Not only are our life stories heavily embellished by totally fictional memories; we also have a tendency to perceive ourselves as shining much brighter than we do in reality.
After all, it’s crucial to our identity that we are the good guys in our story. No one wants to be the bad guy. So, whenever we do something right, we make a big deal out of it; when we make a mistake, we either report it in a way that minimizes our culpability or leave it out of the story completely.
We carry on by cultivating positive illusions about ourselves. For example, 90 percent of drivers estimate that they have above-average driving skills. Similarly, 94 percent of university professors think they’re better than average at their job. Obviously, neither of these is statistically possible.
Curiously, the only people with reasonably accurate self-assessment capabilities are those who suffer from depression. As bizarre as it sounds, it seems we need unrealistically positive self-assessments in order to cope with our mundane and sometimes depressing world.
The Storytelling Animal Key Idea #7: Storytelling is changing its form – and becoming even more addictive because of this.
When was the last time you read a novel from beginning to end? Or went to a live theater performance? Or indulged in a poem?
The habit of reading literature is going extinct, and some people believe that storytelling itself is vanishing with it. They couldn’t be more wrong.
Fiction isn’t dying. It just looks different today than it did before.
While it’s true that hardly anyone still reads poems, it’s also true that we’re constantly surrounded by poetry: the song lyrics we hear on the radio are essentially musical poetry.
In the future stories will be consumed very differently. Just take the increasing popularity of massively multiplayer online role-playing games (MMORPGs) as an example. The MMORPG player actively takes part in the story by building a character, following a plot and experiencing adventures herself.
Most notably, the player herself can shape the story, thus making her essentially a co-author. It’s likely that this is how we will experience many stories in the future: by acting them out ourselves in virtual worlds.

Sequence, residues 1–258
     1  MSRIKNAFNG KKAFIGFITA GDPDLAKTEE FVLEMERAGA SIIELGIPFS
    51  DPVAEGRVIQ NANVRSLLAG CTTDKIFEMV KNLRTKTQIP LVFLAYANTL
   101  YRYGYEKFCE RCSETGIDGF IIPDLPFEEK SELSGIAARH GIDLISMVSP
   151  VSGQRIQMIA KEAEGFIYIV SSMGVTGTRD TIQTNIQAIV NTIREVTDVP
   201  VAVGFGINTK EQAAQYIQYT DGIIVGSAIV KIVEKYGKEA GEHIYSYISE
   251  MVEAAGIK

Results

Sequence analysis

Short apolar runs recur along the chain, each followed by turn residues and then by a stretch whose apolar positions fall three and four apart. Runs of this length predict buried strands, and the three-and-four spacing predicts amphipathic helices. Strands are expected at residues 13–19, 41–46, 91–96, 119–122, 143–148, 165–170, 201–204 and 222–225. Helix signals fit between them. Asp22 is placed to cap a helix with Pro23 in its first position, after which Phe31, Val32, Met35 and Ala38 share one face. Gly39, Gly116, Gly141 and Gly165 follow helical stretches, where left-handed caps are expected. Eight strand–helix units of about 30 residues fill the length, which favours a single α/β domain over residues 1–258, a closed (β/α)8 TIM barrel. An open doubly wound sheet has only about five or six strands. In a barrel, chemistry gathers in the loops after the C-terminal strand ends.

Clearly, stories aren’t going to disappear. In fact, the opposite is true: stories are becoming so ubiquitous that there’s a real threat of over-consumption. One day, we might become lost in our fictional worlds.
To understand how this might work, think about the way we deal with food nowadays. Food is so easily accessible and cheap that we run the risk of losing control, overeating and damaging our health.
The same goes for stories: we could get so immersed in them that we lose touch with the real world. You’ve probably even experienced this yourself after binge-watching six episodes of Game Of Thrones or playing a video game for half a day.
As you’ve learned, stories are incredibly beneficial to individuals and societies. But only if you don’t become addicted to them.
In Review: The Storytelling Animal Book Summary
The key message in this book:
Stories are everywhere, be it in pro-wrestling, advertising or even in our nightly dreams. Our built-in affinity for stories has served us well throughout our evolutionary past, and even today they continue to play a huge role in our lives and outlook on the world.
Let Yourself Daydream.
To some, daydreams seem like a waste of time, but they are actually quite useful: they allow us to think about what we did in the past so that we can learn from these experiences and draw conclusions. They also allow us to peer into the future, and can give us motivation to plan for our future lives.